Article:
A mortgagee who acquires a deed in lieu of foreclosure should be protected by the same three-year statute of limitations on a municipal lien that would apply to an outright purchaser of the property, an attorney for the mortgagee argued before the state Supreme Court last week.
Bruce Bellingham of Spector Gadon & Rosen said his client Philadelphia Transload & Logistics, which acquired the deed to a property when its borrower defaulted on a loan, was not aware of a $117,000 lien for gas services that was outstanding but hadn’t yet been made public by the city of Philadelphia.
The case is about the intersection of two provisions of the Municipal Claims Act, Bellingham said. Section 7143 created a three-year statute of limitations for municipalities to raise liens against a property. Liens brought after that were lost forever. But a 1959 amendment to the MCA created a revival provision — Section 7432 — that allowed municipalities to raise the liens whenever they were discovered, regardless of the time frame, Bellingham said. The exception to that revival statute has been that the three-year statute of limitations would still be in place to protect intervening purchasers of the property who were unaware of the lien and could show the lien was issued after the statute of limitations ran.
Bellingham said courts have rejected the idea that the 1959 amendment repealed the earlier version of the law. Rather, he said, courts have consistently "harmonized" the two by ruling the revival statute does not apply to intervening purchasers.
The question in this case revolved around whether a mortgagee that acquires the deed to a property in lieu of foreclosure is akin to a purchaser.
"Did the deed in lieu of foreclosure make this different than an out-and-out purchase?" Chief Justice Ronald D. Castille asked Bellingham at the start of his argument.
"I think there is no reason why it would," Bellingham said.
Castille asked whether the client’s acquisition of the deed counted as the sale of a property. Bellingham said it counted as a purchase.
"The legislature wants to protect people who, for consideration, get control of property without knowing of a secret lien," Bellingham said.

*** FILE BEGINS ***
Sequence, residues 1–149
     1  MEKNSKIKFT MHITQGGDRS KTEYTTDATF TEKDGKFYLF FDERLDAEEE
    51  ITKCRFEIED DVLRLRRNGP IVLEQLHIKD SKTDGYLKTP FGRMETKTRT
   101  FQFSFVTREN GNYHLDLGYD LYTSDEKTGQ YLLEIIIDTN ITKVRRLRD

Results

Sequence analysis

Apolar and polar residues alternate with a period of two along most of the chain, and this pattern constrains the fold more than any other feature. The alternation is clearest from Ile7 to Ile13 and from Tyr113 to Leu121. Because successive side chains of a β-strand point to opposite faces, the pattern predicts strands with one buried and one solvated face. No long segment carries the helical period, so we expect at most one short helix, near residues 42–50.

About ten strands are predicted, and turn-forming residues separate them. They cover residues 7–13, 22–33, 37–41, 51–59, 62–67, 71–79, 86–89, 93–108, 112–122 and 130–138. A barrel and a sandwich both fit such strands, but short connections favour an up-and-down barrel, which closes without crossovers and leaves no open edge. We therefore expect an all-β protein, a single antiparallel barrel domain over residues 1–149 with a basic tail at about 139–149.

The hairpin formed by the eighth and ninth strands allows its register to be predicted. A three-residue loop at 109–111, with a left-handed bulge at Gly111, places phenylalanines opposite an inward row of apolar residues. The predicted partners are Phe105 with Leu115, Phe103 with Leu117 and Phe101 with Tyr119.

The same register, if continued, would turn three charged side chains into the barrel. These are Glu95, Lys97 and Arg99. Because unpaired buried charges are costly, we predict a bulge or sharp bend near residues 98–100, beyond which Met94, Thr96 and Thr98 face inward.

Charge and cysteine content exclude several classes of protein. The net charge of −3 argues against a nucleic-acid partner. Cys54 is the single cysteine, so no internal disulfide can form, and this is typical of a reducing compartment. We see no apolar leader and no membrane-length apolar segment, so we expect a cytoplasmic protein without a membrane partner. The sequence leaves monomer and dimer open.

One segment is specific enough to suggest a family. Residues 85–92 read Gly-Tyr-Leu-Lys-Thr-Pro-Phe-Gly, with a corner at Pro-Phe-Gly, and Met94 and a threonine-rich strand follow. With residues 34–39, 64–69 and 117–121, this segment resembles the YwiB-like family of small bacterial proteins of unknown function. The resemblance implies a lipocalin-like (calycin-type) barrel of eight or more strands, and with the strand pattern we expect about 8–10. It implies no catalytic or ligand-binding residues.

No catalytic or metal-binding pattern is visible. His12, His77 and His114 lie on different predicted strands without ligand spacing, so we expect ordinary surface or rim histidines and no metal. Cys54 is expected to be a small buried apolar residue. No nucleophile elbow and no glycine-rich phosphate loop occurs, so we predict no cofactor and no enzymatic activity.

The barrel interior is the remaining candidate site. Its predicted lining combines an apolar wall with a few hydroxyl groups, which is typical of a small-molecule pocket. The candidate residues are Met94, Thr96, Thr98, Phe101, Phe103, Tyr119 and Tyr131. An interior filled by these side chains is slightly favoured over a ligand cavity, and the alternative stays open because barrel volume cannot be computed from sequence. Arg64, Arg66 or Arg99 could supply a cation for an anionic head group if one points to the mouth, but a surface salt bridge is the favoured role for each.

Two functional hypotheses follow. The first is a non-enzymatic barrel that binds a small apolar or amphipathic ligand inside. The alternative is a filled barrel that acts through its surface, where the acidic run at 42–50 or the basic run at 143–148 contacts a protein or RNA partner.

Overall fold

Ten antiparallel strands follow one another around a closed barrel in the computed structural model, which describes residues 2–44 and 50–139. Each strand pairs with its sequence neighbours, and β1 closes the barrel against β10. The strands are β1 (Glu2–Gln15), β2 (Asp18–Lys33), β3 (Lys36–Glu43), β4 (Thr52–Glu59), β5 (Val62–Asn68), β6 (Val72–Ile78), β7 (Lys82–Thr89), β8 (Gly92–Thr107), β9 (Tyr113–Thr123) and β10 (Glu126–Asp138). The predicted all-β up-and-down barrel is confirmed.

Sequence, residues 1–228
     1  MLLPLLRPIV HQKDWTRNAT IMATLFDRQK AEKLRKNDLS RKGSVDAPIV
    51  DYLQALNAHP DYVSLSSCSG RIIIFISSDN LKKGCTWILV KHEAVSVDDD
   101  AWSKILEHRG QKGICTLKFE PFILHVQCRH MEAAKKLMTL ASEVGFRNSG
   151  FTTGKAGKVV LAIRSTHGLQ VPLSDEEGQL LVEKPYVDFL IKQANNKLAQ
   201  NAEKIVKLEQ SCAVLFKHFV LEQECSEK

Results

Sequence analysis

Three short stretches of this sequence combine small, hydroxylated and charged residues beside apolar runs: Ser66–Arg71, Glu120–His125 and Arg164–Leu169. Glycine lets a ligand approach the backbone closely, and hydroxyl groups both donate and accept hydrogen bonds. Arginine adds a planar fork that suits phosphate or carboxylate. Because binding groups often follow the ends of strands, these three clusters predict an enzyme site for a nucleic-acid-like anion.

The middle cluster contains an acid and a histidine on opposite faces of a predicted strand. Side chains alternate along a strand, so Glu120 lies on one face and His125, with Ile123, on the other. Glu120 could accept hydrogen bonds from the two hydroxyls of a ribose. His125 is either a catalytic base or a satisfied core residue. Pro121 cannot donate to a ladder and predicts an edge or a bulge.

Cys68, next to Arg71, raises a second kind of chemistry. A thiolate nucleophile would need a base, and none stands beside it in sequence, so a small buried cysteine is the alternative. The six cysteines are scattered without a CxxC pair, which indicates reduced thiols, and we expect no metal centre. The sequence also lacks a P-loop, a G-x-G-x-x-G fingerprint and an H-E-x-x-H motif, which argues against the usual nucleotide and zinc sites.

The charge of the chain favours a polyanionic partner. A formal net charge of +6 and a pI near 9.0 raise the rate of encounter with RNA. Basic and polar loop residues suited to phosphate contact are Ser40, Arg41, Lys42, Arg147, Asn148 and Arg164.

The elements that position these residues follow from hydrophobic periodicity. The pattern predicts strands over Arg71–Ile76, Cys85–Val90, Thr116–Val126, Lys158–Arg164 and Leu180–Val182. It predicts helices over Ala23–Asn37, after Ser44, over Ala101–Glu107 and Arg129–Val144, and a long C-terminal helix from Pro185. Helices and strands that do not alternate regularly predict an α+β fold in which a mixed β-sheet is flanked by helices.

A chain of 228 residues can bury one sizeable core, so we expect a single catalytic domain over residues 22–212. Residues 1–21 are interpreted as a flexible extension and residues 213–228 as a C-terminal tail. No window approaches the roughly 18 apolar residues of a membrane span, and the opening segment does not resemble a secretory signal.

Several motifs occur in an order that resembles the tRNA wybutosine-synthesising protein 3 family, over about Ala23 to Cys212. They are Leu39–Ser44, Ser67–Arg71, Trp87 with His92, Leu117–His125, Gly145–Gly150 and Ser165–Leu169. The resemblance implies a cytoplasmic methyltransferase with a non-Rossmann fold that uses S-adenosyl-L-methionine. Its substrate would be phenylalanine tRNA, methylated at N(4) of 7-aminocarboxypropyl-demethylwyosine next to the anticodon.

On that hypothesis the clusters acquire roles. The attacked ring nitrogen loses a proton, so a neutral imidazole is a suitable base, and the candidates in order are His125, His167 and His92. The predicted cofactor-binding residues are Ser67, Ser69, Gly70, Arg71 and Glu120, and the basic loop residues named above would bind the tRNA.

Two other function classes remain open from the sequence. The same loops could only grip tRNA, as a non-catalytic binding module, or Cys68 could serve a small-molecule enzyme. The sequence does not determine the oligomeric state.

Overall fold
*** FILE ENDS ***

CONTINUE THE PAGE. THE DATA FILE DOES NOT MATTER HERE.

He said the act has a definition section and it doesn’t define "purchaser." Bellingham conceded that if the owner got possession of the property without consideration, such as through inheritance, the owner would be out of luck.
Justice Max Baer pointed to a footnote in the Commonwealth Court’s opinion that noted Bellingham’s client had never asserted it was a purchaser and therefore waived that issue.
Bellingham said it has argued all along it is protected by the statute of limitations. Baer then asked whether the Commonwealth Court just completely made up the information in the footnote. Bellingham said the court’s comments weren’t true and that his client has always argued that as a mortgagee it was protected. Baer asked whether the court should then send this case back to the Commonwealth Court to address the purchaser issue.
"We don’t usually do review in the first instance," Baer said. Bellingham said the court could do that.
Gerald T. Clark, an attorney for the city with Philadelphia Gas Works, said his client has always agreed that if Philadelphia Transload & Logistics was a purchaser, the lien would not attach to it. But Clark said this was not a purchase from his perspective. He said Section 7432 makes a distinction between a mortgagee and a purchaser.
Clark argued in his brief that Philadelphia Transload & Logistics had a lien of mortgage that, under the statute, takes a backseat to the city’s municipal lien.
"Appellant is arguing that the rights of a purchaser and a lien holder that gains priority over a lapsed municipal claim are legally equivalent in the statute when they clearly are not," the city said in its brief.
The case, City of Philadelphia v. Philadelphia Transload & Logistics, was argued March 5.